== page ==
Editorial: One U.S. senator’s ‘terrorist’ is another one’s ‘patriot’

Nevada’s U.S. senators appeared together on a Las Vegas television station a week ago and offered divergent opinions on the character and motives of the citizens who showed up at Cliven Bundy’s Bunkerville ranch to exercise their First and Second amendment rights.

Democratic Sen. Harry Reid labeled them “domestic terrorists.”

Republican Sen. Dean Heller called them “patriots.”

To us it matters less what you call the citizens on hand to protest the Bureau of Land Management attempt to confiscate several hundred head of Bundy’s free-range cattle, than what you call the unmitigated show of militaristic force displayed by the estimated 200 heavily armed federal agents on the ground and in the air and lying prone atop hills with sniper rifles aimed.

The operation was scrubbed and the cattle already rounded up were released on April 12 when a tense standoff between the federal agents and the armed civilians threatened to explode into a massacre.

In one televised exchange, Heller, sitting next to Reid said, “I have a very different view. … What Senator Reid may call domestic terrorists, I call patriots.”

Reid replied, “If they’re patriots, we’re in very big trouble.”

If this is how the federal government enforces civil laws, we are in very big trouble.

In a 2008 campaign speech, then-Sen. Barack Obama deviated from his teleprompter and told a Colorado audience, “We cannot continue to rely on our military in order to achieve the national security objectives that we’ve set. We’ve got to have a civilian national security force that’s just as powerful, just as strong, just as well-funded.” And apparently as well armed.

In recent years police departments across the country have beefed up their SWAT teams, purchasing large-caliber weapons, body armor and armored personnel carriers. Instead of knocking on a door to serve a search warrant on a petty drug suspect, the standard operating procedure is to break down the door with a battering ram, guns drawn, cocked and at ready. The carnage has been well documented — including a 92-year-old woman shot to death by Atlanta police when they broke through the wrong door.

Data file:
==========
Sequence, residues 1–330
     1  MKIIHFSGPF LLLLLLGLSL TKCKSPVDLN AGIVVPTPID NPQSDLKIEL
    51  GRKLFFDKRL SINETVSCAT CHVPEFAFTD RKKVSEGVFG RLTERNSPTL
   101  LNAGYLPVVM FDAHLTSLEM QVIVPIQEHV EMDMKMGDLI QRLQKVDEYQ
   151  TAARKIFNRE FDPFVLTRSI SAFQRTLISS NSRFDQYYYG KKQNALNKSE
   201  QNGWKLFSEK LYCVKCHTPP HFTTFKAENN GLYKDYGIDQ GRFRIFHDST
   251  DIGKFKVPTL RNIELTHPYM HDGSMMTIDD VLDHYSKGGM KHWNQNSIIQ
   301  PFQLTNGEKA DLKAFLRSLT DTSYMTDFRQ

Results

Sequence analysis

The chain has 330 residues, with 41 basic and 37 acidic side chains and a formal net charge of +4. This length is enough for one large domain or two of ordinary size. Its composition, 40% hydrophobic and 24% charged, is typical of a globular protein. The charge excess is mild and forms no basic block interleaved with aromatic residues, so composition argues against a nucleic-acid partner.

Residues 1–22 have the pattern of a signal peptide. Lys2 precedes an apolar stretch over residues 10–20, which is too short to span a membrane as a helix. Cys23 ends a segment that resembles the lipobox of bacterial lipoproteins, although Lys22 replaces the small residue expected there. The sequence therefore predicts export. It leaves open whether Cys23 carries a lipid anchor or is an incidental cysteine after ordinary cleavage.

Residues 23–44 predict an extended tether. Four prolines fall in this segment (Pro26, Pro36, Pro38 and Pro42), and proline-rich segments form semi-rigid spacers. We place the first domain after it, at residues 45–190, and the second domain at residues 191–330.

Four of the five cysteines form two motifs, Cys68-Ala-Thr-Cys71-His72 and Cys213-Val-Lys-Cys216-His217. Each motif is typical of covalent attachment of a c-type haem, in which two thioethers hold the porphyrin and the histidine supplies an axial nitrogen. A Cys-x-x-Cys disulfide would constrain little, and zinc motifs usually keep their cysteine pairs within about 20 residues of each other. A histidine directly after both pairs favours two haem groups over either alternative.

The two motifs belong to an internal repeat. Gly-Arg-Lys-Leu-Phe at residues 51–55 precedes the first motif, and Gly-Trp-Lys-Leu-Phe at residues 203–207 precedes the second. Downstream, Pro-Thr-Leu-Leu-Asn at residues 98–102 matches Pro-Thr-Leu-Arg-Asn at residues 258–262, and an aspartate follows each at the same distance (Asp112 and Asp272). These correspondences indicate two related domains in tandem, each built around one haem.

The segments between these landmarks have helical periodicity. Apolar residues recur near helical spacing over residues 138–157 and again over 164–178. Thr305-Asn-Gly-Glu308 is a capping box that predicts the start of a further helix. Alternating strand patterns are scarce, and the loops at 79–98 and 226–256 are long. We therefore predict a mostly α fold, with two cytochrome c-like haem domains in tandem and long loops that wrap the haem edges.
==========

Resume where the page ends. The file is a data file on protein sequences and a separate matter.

Federal agencies are soldiering up, too.

As Investor’s Business Daily editorialists recently pointed out, BLM is not the only federal agency with a private army.

This past summer Environmental Protection Agency agents invaded a gold mine in Alaska in search of violations of the Clean Water Act. They wore body armor and carried assault weapons.

Other federal agencies so armed include the Library of Congress, the Federal Reserve Board, the Fish and Wildlife Service, the Park Service and the National Oceanic and Atmospheric Administration. Yes, even NOAA, whose job it is to forecast the weather — apparently to fend off militant climate change deniers.

When Gen. Thomas Gage was ordered to confiscate the colonists’ powder, shot and cannon stored in Concord, he sent hundreds of heavily armed Redcoats. They were confronted on April 19, 1775, by armed British citizens — call them domestic terrorists or patriots if you like. To this day, no one knows for sure who fired the first shot. It might have even been an accidental discharge.

The BLM turned a simple law enforcement operation into an invasion and thus escalated the situation perilously close to wanton bloodshed.

Heller is calling for congressional hearings into why the BLM acted like an invading army in our own country, treating citizens like enemy combatants. We agree. It is time for our government agents to stand down and treat people like fellow citizens — before we experience another Branch Davidian slaughter or Ruby Ridge sniper assassination. — TM

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  1. […] To us it matters less what you call the citizens on hand to protest the Bureau of Land Management attempt to confiscate several hundred head of Bundy’s free-range cattle, than what you call the unmitigated show of militaristic force displayed by the estimated 200 heavily armed federal agents on the ground and in the air and lying prone atop hills with sniper rifles aimed, as stated in an Ely Times editorial. […]

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